Commercial properties Featured

8:00pm EDT August 29, 2006
Purchasing a piece of commercial real estate today is far different than trying to purchase a home. The number of properties in the commercial world is much more limited, the priorities tend to change, and the amount of renovations that need done are usually much more extensive than changing the carpet or painting the walls.

That is just part of the reason why it is so important for buyers and sellers to seek professional help before entering the commercial real estate market.

“Too many people buy things thinking they don’t need somebody to help them,” says Ron Sparks, president of Colliers Arnold’s Valuation Company. “And then they often don’t make the best decision.”

Smart Business spoke with Sparks about what to look for when appraising, buying or selling a piece of commercial real estate.

How do you estimate the value of commercial real estate?
In today’s market, a lot of segments are appreciating faster than others. Working with a good broker is critical. Make sure you get a broker that represents you and not someone who is just representing the transaction. Make sure they’re looking out for your best interest.

How do you find a good broker?
A lot of people, when they’re buying their first small office or commercial property, make a mistake because they might know a residential broker or two. Some buyers start there, and that’s usually not the best decision.

People who specialize in residential should stay in residential, just like people in commercial, generally speaking, shouldn’t try to sell houses.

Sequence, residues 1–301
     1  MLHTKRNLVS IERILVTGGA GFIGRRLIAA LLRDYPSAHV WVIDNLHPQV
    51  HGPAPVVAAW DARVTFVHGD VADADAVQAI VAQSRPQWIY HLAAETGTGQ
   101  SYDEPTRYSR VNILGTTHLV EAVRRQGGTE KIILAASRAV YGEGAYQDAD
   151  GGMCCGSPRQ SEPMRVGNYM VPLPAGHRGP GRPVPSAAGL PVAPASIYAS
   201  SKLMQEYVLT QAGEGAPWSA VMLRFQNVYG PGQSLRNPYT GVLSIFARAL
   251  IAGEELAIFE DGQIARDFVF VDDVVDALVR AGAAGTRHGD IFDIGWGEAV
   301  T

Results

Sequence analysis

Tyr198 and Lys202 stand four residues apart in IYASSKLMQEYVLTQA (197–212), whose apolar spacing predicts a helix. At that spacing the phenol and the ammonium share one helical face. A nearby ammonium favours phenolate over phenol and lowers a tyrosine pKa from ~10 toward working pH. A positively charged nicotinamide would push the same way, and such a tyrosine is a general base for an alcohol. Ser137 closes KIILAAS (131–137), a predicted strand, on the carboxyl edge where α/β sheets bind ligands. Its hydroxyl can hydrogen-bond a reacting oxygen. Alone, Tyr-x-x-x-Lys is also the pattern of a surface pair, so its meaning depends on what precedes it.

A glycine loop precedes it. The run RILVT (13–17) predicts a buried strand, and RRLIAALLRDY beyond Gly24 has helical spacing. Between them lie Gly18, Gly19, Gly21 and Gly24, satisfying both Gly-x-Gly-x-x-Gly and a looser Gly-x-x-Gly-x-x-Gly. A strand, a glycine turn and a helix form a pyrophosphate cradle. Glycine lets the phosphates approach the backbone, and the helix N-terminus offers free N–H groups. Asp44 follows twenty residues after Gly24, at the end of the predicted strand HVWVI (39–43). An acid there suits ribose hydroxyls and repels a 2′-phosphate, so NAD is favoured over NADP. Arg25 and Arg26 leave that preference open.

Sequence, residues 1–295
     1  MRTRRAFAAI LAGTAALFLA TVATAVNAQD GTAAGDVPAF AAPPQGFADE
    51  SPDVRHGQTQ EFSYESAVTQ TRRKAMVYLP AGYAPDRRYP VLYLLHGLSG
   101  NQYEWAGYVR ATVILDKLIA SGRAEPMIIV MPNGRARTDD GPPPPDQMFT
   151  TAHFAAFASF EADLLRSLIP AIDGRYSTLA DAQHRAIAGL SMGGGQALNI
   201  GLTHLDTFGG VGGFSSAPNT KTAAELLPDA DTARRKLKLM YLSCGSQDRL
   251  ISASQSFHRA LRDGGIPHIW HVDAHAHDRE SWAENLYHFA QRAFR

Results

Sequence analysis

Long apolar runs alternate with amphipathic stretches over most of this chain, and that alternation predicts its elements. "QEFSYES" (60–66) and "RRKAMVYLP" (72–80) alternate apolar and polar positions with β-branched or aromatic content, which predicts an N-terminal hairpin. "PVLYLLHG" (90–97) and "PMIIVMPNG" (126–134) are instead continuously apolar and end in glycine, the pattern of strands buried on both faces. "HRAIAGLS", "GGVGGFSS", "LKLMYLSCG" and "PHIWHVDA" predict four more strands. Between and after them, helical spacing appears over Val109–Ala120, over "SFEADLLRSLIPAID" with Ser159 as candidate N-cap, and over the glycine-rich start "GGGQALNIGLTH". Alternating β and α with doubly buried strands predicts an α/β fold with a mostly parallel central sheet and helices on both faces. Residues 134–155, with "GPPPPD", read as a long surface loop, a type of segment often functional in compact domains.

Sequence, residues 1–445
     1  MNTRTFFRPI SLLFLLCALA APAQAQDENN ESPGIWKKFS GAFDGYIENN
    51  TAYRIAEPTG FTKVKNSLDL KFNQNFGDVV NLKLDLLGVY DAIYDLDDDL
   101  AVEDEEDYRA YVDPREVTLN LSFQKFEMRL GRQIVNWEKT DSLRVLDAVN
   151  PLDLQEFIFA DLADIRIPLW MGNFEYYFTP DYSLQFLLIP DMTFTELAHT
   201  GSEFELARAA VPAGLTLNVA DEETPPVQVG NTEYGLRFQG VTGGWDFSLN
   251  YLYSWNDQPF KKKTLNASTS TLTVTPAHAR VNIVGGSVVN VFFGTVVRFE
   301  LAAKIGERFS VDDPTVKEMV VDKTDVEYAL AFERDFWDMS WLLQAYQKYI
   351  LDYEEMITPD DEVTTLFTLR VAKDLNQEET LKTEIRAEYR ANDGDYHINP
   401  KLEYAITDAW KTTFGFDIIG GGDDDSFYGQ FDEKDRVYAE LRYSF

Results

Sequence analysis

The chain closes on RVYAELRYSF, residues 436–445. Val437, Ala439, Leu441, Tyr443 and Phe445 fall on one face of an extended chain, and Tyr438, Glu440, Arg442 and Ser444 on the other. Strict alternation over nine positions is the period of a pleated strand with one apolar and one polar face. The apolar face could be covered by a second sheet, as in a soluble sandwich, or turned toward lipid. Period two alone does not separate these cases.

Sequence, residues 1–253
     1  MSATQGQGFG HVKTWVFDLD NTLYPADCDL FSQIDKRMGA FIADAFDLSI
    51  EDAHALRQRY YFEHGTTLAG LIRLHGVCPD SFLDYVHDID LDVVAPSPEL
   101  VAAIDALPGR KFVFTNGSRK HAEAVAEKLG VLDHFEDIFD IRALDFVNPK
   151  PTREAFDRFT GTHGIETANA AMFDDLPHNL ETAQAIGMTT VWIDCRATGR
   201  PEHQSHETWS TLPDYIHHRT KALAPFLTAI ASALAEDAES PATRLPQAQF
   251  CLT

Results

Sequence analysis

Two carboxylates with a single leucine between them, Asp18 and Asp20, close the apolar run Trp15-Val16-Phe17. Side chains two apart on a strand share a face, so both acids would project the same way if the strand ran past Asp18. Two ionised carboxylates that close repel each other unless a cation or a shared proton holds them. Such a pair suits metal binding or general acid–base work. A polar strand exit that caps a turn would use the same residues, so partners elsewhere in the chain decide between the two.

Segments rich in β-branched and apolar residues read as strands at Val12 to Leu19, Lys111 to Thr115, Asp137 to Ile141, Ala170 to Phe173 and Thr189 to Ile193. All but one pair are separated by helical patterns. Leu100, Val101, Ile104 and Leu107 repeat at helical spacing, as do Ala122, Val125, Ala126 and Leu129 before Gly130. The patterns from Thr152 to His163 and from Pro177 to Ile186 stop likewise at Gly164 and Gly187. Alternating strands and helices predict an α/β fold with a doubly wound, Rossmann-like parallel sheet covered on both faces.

Try and get someone who specializes in the product you’re looking for. If you’re looking for an office building, find a broker that specializes in the office market, not one that sells houses or retail properties.

Why is it important to seek help when looking to buy or sell?
The first thing is you want to make sure you don’t pay too much for the property. You want to get something that suits your business today and something that takes into consideration your growth, whether that’s over the next three years or it’s the next seven to 10 years. Just make sure you’ve considered what you need today and what you’re going to need in the future.

What is the most important key when purchasing commercial real estate?
Real estate has always been about location, and I think that’s still the primary driver for someone looking to buy a building. Make sure it’s in a good location, not just for your needs today but for your needs in the future. For some businesses, especially with what the price of gas is now, you don’t want your employees driving any farther than they have to.

What’s the difference when you’re shopping for commercial property and when you’re shopping for residential?
In general terms, you’re going to have a larger market area and you’re going to have fewer options. In any geographic area, there are hundreds if not thousands of houses, with maybe 10 percent of those on the market at any one time. You’ll have dozens of properties to consider.

For a commercial property, especially in the last three to five years, there aren’t that many options. Someone who is looking in a submarket for a particular property of a particular size may very likely have only two or three options. So it’s trying to help them figure out if those are viable options, or if they need to either expand the search area or change the criteria they’re looking for, or simply choose to wait.

In today’s market, it’s much more difficult to find that property to buy commercially than it is residentially.

What is the most important issue buyers and sellers must realize?
For buyers, make sure the property works for you, or make sure it has the potential to work for you. If you buy something and it’s going to take extensive renovations to work for you, that’s fine — just understand that, and understand how long it takes to implement those changes, and how much it’s going to cost.

When you work with sellers, you just have to educate them on the other side of the deal. When a buyer looks at the property, he or she is going to need to make some changes and renovations, and that has to be reflected in the price.

RON SPARKS is president of the Valuation Company at Colliers Arnold. Reach him at (813) 221-2290.